Guest poem submitted by Steve Axbey:
(Poem #1474) Ae Fond Kiss
Ae fond kiss, and then we sever; Ae fareweel, alas, for ever! Deep in heart-wrung tears I'll pledge thee, Warring sighs and groans I'll wage thee. Who shall say that Fortune grieves him, While the star of hope she leaves him? Me, nae cheerful twinkle lights me; Dark despair around benights me. I'll ne'er blame my partial fancy, Naething could resist my Nancy: But to see her was to love her; Love but her, and love for ever. Had we never lov'd sae kindly, Had we never lov'd sae blindly, Never met -- or never parted, We had ne'er been broken-hearted. Fare-thee-weel, thou first and fairest! Fare-thee-weel, thou best and dearest! Thine be ilka joy and treasure, Peace, Enjoyment, Love and Pleasure! Ae fond kiss, and then we sever! Ae fareweel, alas, for ever! Deep in heart-wrung tears I'll pledge thee, Warring sighs and groans I'll wage thee.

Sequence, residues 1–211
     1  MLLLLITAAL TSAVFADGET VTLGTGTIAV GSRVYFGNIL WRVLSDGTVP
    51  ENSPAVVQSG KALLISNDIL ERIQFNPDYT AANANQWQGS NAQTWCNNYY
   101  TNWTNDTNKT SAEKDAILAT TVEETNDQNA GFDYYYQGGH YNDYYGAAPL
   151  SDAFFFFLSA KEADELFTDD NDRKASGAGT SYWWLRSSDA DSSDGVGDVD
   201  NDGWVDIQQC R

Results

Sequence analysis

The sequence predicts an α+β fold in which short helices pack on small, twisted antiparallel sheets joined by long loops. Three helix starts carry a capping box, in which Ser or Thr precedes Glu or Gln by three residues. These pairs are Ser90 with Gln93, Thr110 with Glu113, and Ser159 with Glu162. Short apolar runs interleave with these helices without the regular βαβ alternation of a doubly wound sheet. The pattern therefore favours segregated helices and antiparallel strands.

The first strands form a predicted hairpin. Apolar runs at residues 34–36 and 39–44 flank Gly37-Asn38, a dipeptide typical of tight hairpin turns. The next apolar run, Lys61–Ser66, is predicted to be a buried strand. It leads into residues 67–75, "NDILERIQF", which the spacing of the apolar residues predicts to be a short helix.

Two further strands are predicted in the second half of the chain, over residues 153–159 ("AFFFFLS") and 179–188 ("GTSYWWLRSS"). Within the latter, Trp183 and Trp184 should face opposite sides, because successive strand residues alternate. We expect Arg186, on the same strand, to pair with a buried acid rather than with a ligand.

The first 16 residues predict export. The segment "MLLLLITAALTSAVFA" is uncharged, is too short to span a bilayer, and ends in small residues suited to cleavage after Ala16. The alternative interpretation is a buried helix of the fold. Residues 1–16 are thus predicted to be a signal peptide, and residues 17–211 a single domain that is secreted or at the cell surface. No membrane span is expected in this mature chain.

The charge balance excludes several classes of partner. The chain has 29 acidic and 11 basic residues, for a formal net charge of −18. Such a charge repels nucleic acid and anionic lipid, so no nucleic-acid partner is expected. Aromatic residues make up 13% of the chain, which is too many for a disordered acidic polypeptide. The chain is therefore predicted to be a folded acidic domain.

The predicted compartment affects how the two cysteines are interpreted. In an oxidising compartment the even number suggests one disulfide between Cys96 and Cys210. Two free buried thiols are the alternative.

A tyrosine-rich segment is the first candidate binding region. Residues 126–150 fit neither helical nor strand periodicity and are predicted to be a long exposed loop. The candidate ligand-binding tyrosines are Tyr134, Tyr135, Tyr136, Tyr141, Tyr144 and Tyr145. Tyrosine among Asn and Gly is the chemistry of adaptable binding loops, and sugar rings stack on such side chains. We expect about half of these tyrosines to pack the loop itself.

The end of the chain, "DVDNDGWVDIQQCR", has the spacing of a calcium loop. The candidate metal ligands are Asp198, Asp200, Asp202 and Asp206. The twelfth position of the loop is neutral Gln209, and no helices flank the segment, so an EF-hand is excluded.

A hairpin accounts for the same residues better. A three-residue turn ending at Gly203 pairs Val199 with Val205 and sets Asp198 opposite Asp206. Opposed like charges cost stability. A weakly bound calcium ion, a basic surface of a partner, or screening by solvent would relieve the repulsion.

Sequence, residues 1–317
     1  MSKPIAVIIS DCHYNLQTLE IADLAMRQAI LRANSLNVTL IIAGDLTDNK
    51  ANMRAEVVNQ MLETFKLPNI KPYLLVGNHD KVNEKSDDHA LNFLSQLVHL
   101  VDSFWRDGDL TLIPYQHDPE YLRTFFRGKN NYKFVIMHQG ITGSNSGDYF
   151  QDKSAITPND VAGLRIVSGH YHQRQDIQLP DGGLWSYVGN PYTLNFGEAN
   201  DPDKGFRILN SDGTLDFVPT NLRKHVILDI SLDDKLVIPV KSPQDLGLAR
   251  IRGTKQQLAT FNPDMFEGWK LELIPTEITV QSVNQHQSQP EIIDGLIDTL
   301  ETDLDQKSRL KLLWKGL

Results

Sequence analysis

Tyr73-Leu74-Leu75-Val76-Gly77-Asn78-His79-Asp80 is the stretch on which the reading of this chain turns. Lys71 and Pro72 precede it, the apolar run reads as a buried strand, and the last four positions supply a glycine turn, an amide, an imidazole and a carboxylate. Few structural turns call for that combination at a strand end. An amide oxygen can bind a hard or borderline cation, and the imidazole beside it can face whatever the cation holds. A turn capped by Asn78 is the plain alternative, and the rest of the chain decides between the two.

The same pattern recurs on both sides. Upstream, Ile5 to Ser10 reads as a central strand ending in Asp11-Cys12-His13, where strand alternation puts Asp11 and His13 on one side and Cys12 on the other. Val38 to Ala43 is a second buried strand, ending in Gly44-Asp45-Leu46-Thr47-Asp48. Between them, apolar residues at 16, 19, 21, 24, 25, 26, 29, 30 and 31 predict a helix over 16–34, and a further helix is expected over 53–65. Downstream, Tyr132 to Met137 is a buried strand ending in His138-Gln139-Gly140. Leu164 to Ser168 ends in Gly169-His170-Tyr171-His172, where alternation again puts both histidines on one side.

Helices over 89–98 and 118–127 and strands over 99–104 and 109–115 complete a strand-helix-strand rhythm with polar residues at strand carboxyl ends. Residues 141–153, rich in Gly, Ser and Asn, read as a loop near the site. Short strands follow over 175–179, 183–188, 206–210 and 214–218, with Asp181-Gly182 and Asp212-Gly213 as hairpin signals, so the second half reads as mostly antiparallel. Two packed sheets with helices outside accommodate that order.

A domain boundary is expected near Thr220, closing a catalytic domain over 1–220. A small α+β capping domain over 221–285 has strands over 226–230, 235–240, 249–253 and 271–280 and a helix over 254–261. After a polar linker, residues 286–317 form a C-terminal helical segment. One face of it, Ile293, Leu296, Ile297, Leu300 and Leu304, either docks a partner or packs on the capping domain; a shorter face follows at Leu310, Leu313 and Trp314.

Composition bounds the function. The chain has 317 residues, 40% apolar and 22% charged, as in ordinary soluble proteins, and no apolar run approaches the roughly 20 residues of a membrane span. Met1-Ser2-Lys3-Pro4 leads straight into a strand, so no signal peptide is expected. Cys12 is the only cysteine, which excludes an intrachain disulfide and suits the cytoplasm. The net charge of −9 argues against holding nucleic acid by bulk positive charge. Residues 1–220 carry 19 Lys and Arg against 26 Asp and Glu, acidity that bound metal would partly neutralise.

This is quite a well known poem, so I imagine many Minstrels subscribers will be familiar with it, but I think it's worth featuring -- it's one of my favourites, sentimental as it is. Nancy was a real person: Agnes McLehose, with whom Burns established a long running platonic relationship, and with whom he continued a long correspondence, in which they addressed each other as 'Clarinda' and 'Sylvander'. "Ae Fond Kiss" is contained in Burns' final letter to Nancy, written in Dec 1791, and is generally considered to be much the best of the nine poems or songs he sent her (this one is sometimes classified as a song). Nancy lived a long life - she was 83 when she died in 1841, by which time she was something of a celebrity: well known as "the woman who broke Rabbie Burns' heart". You can read more about her here: http://www.robertburns.org/encyclopedia/MLehoseAgnesCraigClarinda1759-18 41.555.html It's a great poem full of heartfelt passion. Like all the folk poetry, and folk music, it tells a story and, like all the *best* folk/country poetry the story is a sad one. (Q: What do you get if you play country music backwards? A: You get your wife back, your home back, your kids back, you car back...). If I had a criticism: it's the timing. Surely the best lines -- and indeed the whole point of the poem -- are these: Had we never lov'd sae blindly Never met -- or never parted We had ne'er been broken-hearted" So shouldn't those lines come at the end? I first came across the poem as a song by Fairground Attraction, a 1980s Scottish band fronted by Eddi Reader. Their debut (and as it turned out final) album was called "First of a Million Kisses". Then, after they broke up and an album of off-cuts was released, it was symmetrically called "Ay Fond Kiss", with a version of this as the title track. And a very beautiful version it is: released nearly 20 years ago, it's still got a high billing on my iPod :-) Although Fairground Attraction broke up, Eddi Reader is still going strong and indeed she released an album of Robbie Burns' songs in 2003. That album includes a new version of Ae Fond Kiss, and with lyrics more faithful to the original, and I can recommend it whole-heartedly. You can find more details of Eddi at her official site www.eddireader.com For more on Robbie Burns try http://www.robertburns.org/ or http://www.rabbie-burns.com/index.cfm for starters... but a quick Google will turn up many, many more references. Steve.